Does the Body Tell Us WHAT food to eat? - Intutive Eating 1 - Diet Review

- POSTED ON: May 05, 2016


Intuitive Eating is a Diet which claims it is not a diet.
I've shared about the IE concepts here on DietHobby before, and I personally believe they are ineffective for almost everyone. However, it is NOT a one-size-fits-all world, and I am certain, that ... just like every other diet ... Intuitive Eating works for someone.

One of the primary eating concepts of Intutive Eating is:

"eat whatever you want - because your body has natural wisdom about what it needs, and it will provide you with that information."

Unfortunately, this is an Untrue Statement,... merely a crock of magical, wishful thinking with no basis in reality,... not through Basic Science, Research Studies, or documented Real Life Experiences of People. I find it amazing that Nutritionists and other Medical Professionals continue to adopt and broadly disperse that totally flawed concept.

Recently I ran across a series of articles about the basic Intutive Eating Concepts by UK addiction counselor, Gillain Riley, who appears to share my own point of view on this matter. She states her professional knowledge about these concepts in a thoughtful and precise manner.

                  by Gillian Riley, Author of Ditching Diets (Revised edition of Eating Less)

'Intuitive Eating' promotes eating when hungry, stopping when full, and eating whatever you want. I've heard people say that this makes so much sense, they don't understand why they can't manage to do it. Well, this advice doesn't make any sense to me at all, so maybe you'll let me know what it is that I'm not understanding!

These ideas are widespread, having been promoted by Susie Orbach for years, among many others. Just google 'intuitive eating' and you'll see it's all over the place. This will take a while to cover, so I'll start with the suggestion to 'eat whatever you want' (because the innate wisdom of your body lets you know what it needs) and continue with the other aspects of this advice in my next newsletter.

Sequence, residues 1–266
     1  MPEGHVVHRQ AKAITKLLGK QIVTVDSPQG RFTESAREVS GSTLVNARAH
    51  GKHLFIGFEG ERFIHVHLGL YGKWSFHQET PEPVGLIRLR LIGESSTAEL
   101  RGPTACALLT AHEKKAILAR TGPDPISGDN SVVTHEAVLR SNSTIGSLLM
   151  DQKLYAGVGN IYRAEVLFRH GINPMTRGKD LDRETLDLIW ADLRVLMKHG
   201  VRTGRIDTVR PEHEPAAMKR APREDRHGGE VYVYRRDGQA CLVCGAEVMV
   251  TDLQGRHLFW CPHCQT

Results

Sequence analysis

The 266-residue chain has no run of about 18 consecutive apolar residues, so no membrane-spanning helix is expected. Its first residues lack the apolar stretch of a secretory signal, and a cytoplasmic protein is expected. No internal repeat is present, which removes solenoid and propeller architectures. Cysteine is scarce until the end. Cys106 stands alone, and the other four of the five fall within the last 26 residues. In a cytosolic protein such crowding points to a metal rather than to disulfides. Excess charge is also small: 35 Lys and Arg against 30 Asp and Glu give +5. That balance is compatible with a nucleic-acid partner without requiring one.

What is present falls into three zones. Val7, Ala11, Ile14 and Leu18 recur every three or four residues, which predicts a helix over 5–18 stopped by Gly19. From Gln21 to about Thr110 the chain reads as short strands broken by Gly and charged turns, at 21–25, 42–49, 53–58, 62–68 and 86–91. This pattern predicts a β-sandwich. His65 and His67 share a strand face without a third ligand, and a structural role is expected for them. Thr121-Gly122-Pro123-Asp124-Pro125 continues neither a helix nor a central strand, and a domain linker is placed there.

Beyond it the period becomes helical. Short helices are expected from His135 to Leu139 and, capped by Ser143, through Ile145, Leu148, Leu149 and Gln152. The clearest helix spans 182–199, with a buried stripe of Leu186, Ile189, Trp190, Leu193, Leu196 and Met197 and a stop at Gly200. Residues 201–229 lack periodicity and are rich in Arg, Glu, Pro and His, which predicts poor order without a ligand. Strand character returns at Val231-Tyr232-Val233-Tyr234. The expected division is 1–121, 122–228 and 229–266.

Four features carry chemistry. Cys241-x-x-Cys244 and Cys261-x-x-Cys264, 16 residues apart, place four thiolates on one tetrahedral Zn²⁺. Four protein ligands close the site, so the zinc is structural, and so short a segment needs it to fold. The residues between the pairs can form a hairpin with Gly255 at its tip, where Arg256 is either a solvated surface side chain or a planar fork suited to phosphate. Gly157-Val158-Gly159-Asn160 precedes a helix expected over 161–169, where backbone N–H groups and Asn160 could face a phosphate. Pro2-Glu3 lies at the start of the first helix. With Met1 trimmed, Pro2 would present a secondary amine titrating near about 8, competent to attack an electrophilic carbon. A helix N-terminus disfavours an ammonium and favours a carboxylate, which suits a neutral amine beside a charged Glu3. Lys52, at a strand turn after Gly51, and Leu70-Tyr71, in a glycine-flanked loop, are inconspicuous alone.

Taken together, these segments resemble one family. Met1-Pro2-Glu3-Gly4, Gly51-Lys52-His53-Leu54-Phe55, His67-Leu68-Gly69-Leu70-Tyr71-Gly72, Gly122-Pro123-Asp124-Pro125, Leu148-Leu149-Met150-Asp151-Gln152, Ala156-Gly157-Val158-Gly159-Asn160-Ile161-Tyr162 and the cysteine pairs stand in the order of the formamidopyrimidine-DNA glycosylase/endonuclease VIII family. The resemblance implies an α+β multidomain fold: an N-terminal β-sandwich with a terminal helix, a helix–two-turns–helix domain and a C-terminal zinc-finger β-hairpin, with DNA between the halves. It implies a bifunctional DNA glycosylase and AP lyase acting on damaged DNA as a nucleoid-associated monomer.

The experience of 'wanting to eat' something is going to feel very different to each person, and even for each person from occasion to occasion. It's feeling attracted towards some food, certainly, and most likely thinking you would enjoy eating it, that you fancy it. This attraction could be barely conscious, but when we are aware of it, it often gets called a craving. (I think of attraction, desire, urge and craving as the same thing, with varying degrees of intensity, just as irritation is a less intense form of rage.)

I have heard people say that they crave greens sometimes, and perhaps that's true for you. But if you had some raw spinach leaves in a bowl in the kitchen and a slice of cake on a plate next to it, we surely know which one would be more likely to grab your attention and not let go. A 'craving for greens' may be no more than the awareness that you haven't had any for a while, a purely cognitive process rather than an expression of your body's need for B vitamins. The reason I say this is because what is craved by most people most of the time is food that contains various combinations of high-density, starchy carbohydrates (such as sugar, potatoes and processed grains) salt and fats.

A Tufts University study looked at the eating habits and self-reported food cravings in a group of overweight women over a period of six months. (1) They found that those foods that were craved were more than twice as high in energy density as other foods in their diet. Not only were they high in energy density, but the craved foods had higher fat content and lower fibre and protein content. The reason is simply that the starchy carbs and fat have greater reinforcing properties, biochemically speaking, and this has been well established in research.

Of course all food contains some reinforcing properties, but a natural food, such as broccoli, has those reinforcing properties in a natural balance. When a 'food product' is manufactured, it has a far greater proportion of these highly reinforcing elements. And that 'food product' might be manufactured outside your home, or it might be put together by yourself and called dinner!

I cannot emphasise enough how important it is to accept that this is always a matter of degree. Fat in particular is what makes our food enjoyable, and it's very important to enjoy what you eat. But for many who overeat, they enjoy too much. They satisfy an appropriate delight in food but on top of that they satisfy excessive, addictive desire too often. They do this because they have trained themselves to expect more of the more addictive elements more often. So they eat more fat and more starchy carbs at meals, often quite literally mixed up on the plate with the food that's really needed. Then more fat and sugar for dessert after the meal. And maybe some more fat, carbs and salt for snacks later on that evening.

They develop that habit and repeat it daily for years. And then, whenever they stop to listen to what their body 'needs', guess what? It 'needs' sugary fat! It's like a smoker asking her body if it needs a cigarette. Of course it seems to, but this is the twisted reasoning of addiction speaking.